Mentions: Grain-size contour maps of the >63 μm sand fraction of the Xinjiang topsoil are shown in Fig 8. Due to various distances to source regions, the grain size of the Xinjiang surface soils differ from each other. Latitudinally, from desert to loess, the >63 μm (Fig 8A and 8B) particle content of topsoil ranges from 90% to 20% between Shihezi and Qitai in the Junggar Basin and 85% to 40% between Hotian and Yutian in the Tarim Basin. The grain-size contours become increasingly dense (i.e., >63 μm grain-size component changes more rapidly) and are concentrated on the northern slope of the Tianshan Mountains and Kunlun Mountains because the wind speed decreases when the wind is forced to pass over high mountains. This phenomenon further suggests that the Gurbantunggut Desert and the Taklimakan Desert are the main sources of loess for the northern Tianshan and Kunlun Mountains, respectively [19]. For the north of the Gurbantunggut Desert, the contours of the >63 μm particle content (Fig 8A) present a negative trend with increasing distance away from the Gurbantunggut Desert, with the content ranging from 90% to 30%. This pattern is in accord with the different regional landscape zones, including desert, shrub, and grassland, along with increasing altitude [54]. The >63 μm grain-size contours of surface sand of the Junggar Basin are more dense than those of the Tarim Basin (Fig 8A and 8B), especially around the loess-desert interaction region on the piedmont of high mountains (Fig 1). The topsoil particles >63 μm in diameter in the loess zone only account for 20% in the Tianshan Mountains, whereas the proportion reaches up to 50% in the Kunlun Mountains. Scarce precipitation and strong evaporation lead to the extreme aridity of the Tarim Basin, and stronger wind can transport coarser dust to deposits in the downwind zones on the northern slopes of the Kunlun Mountains. Meteorological observation data have also demonstrated that sandstorms occur more frequently in South Xinjiang than in North Xinjiang due to their different climates [65]. Fig 8A depicts the spatial variations of the >63 μm particle content around Tacheng in the western Junggar Basin. In general, it displays an evident closed-curve (Fig 8B) and mainly ranges between 30% and 50%, which decreases from the outer zones to the interior. This pattern indicates that decreasing wind speed leads to the increased settling of fine grains and an apparent intermontane basin defined by the local topography (Fig 1). The contours of >63 μm particle content component (Fig 8C), from west to east in the Ili Basin, change from dense to sparse with values shifting from 70% to 10%, especially on the western part of the Ili Basin. However, Fig 8C illustrates that in the east and southwest Ili basin around Zhaosu, the >63 μm grain-size content only accounts for 10% or less. This phenomenon is correlated with the varying distance from the source region, reduced wind speed caused by increasing elevation, and the blocking effect of the Tianshan Mountains.

Bottom Line: Central Asia is one of the most significant loess regions on Earth, with an important role in understanding Quaternary climate and environmental change.The well-outcropped loess sections have mainly developed since the middle Pleistocene in Xinjiang, reflecting the appearance of the persistent drying and the present air circulation system.However, the oldest loess deposits are as old as the beginning of the Pliocene in the Tarim Basin, which suggests that earlier aridification occurred in the Tarim Basin rather than in the Ili Basin and the Junggar Basin.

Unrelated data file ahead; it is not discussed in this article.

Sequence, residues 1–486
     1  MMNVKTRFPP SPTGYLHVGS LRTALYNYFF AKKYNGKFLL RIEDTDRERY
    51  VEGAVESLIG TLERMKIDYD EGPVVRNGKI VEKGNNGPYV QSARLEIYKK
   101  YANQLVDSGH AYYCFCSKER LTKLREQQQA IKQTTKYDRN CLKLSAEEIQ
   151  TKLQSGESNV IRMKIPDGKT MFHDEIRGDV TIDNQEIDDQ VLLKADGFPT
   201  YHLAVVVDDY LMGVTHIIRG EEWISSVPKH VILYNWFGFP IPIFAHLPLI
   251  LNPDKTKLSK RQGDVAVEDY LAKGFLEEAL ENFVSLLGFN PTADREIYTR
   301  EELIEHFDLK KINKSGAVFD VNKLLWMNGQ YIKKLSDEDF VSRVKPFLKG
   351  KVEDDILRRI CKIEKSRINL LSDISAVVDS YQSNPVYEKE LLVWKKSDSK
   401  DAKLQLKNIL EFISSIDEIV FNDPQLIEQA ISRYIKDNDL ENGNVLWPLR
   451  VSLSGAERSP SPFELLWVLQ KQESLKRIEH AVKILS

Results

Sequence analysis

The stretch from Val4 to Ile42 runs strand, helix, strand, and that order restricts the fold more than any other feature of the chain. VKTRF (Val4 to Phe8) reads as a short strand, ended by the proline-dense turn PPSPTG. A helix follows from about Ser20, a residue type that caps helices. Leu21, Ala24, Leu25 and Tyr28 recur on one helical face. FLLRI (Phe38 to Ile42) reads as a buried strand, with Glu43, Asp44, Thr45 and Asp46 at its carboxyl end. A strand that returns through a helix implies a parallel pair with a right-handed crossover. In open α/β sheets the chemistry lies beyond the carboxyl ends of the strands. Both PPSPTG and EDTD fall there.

View Article: PubMed Central - PubMed

Affiliation: State Key Laboratory of Loess and Quaternary Geology, Institute of Earth Environment, Chinese Academy of Sciences, Xi'an, 710061, China.

ABSTRACT
Central Asia is one of the most significant loess regions on Earth, with an important role in understanding Quaternary climate and environmental change. However, in contrast to the widely investigated loess deposits in the Chinese Loess Plateau, the Central Asian loess-paleosol sequences are still insufficiently known and poorly understood. Through field investigation and review of the previous literature, the authors have investigated the distribution, thickness and age of the Xinjiang loess, and analyzed factors that control these parameters in the Xinjiang in northwest China, Central Asia. The loess sediments cover river terraces, low uplands, the margins of deserts and the slopes of the Tianshan Mountains and Kunlun Mountains and are also present in the Ili Basin. The thickness of the Xinjiang loess deposits varies from several meters to 670 m. The variation trend of the sand fraction (>63 μm) grain-size contour can indicate the local major wind directions, so we conclude that the NW and NE winds are the main wind directions in the North and South Xinjiang, and the westerly wind mainly transport dust into the Ili basin. We consider persistent drying, adequate regional wind energy and well-developed river terraces to be the main factors controlling the distribution, thickness and formation age of the Xinjiang loess. The well-outcropped loess sections have mainly developed since the middle Pleistocene in Xinjiang, reflecting the appearance of the persistent drying and the present air circulation system. However, the oldest loess deposits are as old as the beginning of the Pliocene in the Tarim Basin, which suggests that earlier aridification occurred in the Tarim Basin rather than in the Ili Basin and the Junggar Basin.

No MeSH data available.


Related in: MedlinePlus